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The Collected Letters of Robert Southey Part 4: 1810-1815

2311. Robert Southey to Mary Barker, 8 October 1813 ⁠* 

Streatham, Oct. 8th, 1813

Two sisters [1]  of Mrs Hill arrived here to dinner, — & they have all the Ionic pronunciation [2]  in such perfection, that by an easy process of thought I was led to think of the Senhora & the ‘ill at Keswick, & ome, & sundry other things sympathetic of the malady called ome sickness, whereof I ave a touch at the art just now. — There they are, talking away below stairs as appily as possible, & just as if there was no h in the alphabet, & here am I above stairs, by my own fire in the inner part of the drawing room (Edith will recollect the room) wishing myself three undred miles off. & feeling very much as I used to do at school when I was thinking of the olydays. The church clock has just struck seven. — Herbert has got his letter this evening, & is perhaps at this moment preaching it out with all gravity to Wilsey , who will be yet more delighted to listen than he is to read. In a few minutes I shall be summoned to tea. However I have begun a letter, meaning to scrawl thro it in the course of the evening, (for sufficient for the day hath been the labour thereof) [3]  & to take it with me to London tomorrow, in hope that I may find Pegasus at the Doctors & seal it therewith. [4] 

First then & foremost of the things which are to be said. I desire that I may have a letter sent off by Tuesday’s post & directed here that it may reach me on Friday. My present engagements stand thus, — tomorrow dine with Dr Stanger, [5]  Sunday at Holland House, Monday at Mrs. Gonnes where this family are going. Wednesday with John May at the Doctors, Thursday at Travers’s [6]  to be introduced to his sister, whom Gooch  [7]  is going to marry. Friday & Saturday will complete my business here, & then I remove to town. — There I shall stay as short a time as my unpaid engagements will permit, & then take the shortest road home, for I am beyond measure weary of being out of my own proper element.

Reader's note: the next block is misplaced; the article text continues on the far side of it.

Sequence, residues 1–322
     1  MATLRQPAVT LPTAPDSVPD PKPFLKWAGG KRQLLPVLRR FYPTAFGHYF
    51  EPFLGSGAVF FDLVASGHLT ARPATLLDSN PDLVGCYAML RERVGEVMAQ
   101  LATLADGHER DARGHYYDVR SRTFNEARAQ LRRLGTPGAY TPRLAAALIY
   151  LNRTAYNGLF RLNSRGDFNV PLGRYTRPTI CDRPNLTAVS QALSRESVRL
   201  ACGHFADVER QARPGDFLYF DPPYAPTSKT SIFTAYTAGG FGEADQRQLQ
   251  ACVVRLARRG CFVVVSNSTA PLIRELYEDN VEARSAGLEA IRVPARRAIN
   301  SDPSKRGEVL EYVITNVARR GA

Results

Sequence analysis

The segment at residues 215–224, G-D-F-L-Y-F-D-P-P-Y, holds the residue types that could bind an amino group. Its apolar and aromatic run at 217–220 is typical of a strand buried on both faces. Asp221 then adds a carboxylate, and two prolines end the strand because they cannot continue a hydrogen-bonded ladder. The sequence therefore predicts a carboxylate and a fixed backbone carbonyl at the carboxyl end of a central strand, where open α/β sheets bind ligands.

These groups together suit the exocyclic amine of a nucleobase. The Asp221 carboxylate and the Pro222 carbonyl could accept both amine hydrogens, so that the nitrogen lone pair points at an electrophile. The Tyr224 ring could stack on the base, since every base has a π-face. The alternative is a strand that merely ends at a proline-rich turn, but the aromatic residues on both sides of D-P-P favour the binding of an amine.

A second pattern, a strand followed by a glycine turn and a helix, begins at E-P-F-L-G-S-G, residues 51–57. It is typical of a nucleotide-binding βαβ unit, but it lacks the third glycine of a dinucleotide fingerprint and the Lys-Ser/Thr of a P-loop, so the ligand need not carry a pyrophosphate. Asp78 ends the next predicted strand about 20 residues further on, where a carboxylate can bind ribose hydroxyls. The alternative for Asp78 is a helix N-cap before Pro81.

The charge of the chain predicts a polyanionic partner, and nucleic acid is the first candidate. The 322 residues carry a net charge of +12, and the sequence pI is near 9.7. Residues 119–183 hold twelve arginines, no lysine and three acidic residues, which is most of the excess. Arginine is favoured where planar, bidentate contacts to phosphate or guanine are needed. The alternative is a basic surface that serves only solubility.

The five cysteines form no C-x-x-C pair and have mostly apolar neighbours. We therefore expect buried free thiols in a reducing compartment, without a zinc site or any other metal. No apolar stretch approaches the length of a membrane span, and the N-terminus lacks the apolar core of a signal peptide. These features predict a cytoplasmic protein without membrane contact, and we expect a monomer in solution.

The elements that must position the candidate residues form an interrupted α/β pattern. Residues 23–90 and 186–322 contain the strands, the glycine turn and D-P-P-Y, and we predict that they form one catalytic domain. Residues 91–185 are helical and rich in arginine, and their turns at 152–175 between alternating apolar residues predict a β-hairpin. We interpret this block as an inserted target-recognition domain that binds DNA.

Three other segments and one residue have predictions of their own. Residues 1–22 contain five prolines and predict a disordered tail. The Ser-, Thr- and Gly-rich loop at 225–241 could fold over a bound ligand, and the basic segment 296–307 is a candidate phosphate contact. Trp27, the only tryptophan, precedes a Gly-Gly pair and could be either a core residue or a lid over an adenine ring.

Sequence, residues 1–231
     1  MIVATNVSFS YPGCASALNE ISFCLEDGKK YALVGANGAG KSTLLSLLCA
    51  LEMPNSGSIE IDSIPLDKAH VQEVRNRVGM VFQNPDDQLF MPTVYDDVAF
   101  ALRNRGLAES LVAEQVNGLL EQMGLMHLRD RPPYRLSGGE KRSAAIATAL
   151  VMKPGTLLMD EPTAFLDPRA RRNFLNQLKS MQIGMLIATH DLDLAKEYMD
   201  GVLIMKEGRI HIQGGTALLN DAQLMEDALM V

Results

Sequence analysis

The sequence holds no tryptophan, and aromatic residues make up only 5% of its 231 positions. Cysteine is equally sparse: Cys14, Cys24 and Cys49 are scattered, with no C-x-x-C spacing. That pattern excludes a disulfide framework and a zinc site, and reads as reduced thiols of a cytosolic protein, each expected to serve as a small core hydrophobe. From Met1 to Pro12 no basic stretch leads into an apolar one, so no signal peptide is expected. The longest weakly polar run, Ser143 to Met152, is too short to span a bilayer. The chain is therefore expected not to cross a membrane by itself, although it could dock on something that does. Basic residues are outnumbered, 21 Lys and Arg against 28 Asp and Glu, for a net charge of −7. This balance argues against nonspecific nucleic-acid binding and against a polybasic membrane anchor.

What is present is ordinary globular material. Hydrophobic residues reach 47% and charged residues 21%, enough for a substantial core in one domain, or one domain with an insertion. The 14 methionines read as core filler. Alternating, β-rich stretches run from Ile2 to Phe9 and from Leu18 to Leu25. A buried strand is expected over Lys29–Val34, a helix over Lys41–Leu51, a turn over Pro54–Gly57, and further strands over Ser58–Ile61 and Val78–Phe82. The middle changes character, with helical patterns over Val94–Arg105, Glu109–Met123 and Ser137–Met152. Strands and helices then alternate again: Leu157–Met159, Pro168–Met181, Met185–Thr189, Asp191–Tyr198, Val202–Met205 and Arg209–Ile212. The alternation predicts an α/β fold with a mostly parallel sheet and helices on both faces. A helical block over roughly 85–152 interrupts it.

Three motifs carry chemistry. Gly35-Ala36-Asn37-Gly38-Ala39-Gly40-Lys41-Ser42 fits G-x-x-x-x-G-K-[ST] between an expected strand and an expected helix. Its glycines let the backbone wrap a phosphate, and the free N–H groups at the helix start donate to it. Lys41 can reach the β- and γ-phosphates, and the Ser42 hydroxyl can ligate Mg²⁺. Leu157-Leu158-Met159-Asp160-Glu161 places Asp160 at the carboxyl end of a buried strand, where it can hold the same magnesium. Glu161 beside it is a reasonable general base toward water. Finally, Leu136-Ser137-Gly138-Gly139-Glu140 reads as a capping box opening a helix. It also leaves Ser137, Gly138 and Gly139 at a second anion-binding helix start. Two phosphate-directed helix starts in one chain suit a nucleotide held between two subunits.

I shall look for Lord William [8]  on Sunday & endeavour to hurry this appointment by a simple notification that I certainly do not intend to wait for it. As long as my own affairs keep me in town, well; but they are not to suppose that I will submit to be detained here for the Marquis of Hertford’s pleasure, or anybody elses. They ought to know that in accepting the office [9]  I am conferring a favour rather than receiving one. I want it settled, because as I intend to invest the salary in a life insurance, I shall save a fine of ten pounds by appearing at the insurance office: & I believe also that the oath of allegiance which I must take cannot on this occasion be taken in the country. However I shall ascertain all this & get thro it with the least possible delay.

Of the many things which remain to be done in London, one is to wait upon Smith & have the bust finished. [10]  & another to send off the hamper from Burgess’s, [11]  which shall be done as soon as I get the one thing needful for doing it, & you will not find fault with me Senhora, if I put in a pot of caviare, in expectation that you & I who have tips to our tongues, shall like it. I have to see Miss Linwood’s pictures, [12]  & the beasts at the Tower, [13]  & the Strand Bridge, [14]  to dine with Longman & Murray & Croker, & to go with Sharp to his country house. [15] 

Senhora, I am really too lazy & too Simorgish [16]  to write anything but such mere gossip as this. It is “poor I” & I wish it were bed time, & that the days were gone & the nights too which must pass before I take my seat comfortably in the mail coach, & pack myself up for forty hours. For I want some garlick pie, & the odour of your snuff box, & to see Wilsey, & to kiss the children, & to make a noise, & to sit under the shadow of Mrs. Coleridges nose, & to sit by my own fire side, & to sleep in my own bed, & to resume my own way of life, & to say Aballiboozo-banganeribo [17]  in the right place & in the right tone of feeling; — & (when I am called upon) to sing the Bloody Gardener [18]  with my usual obligingness.

Tuesday last I met Lord St Helens [19]  at Mr Legges: [20]  a regular built old courtier. He said that I must have lived a great deal in Spain, for tho Espriella [21]  had been put into his hands with information who the author was, he could hardly persuade himself that it was not the genuine work of a Spaniard, so well had the characters been preserved. — The newspapers among their fashionable news have it that Mr Legge gave this dinner to Lord St Helens, whereas the truth is that it was given to me: however as I made a better figure over the hermitage & the claret, his Lordship is welcome to figure by himself in the Morning Post. [22]  — I took Coleridge to Me Stael [23]  on Monday, & left him there in the full spring tide of his discourse. His time of departure seems still uncertain. Mrs. C. will not be sorry to hear that he is selling his German books. — I cannot quite so well say whether Edith will be glad that I shall purchase some of them. The worst news is that Mrs Morgan has some symptoms of derangement, — so she herself apprehends, & I am sorry to say that there is too much reason to apprehend it. Harry is very much afraid of it. He went from here on Wednesday evening, in consequence of receiving a note from Coleridge which said that she was worse. I have not heard from him since. Today had been rainy, or he would have walked over & returned to town with me tomorrow.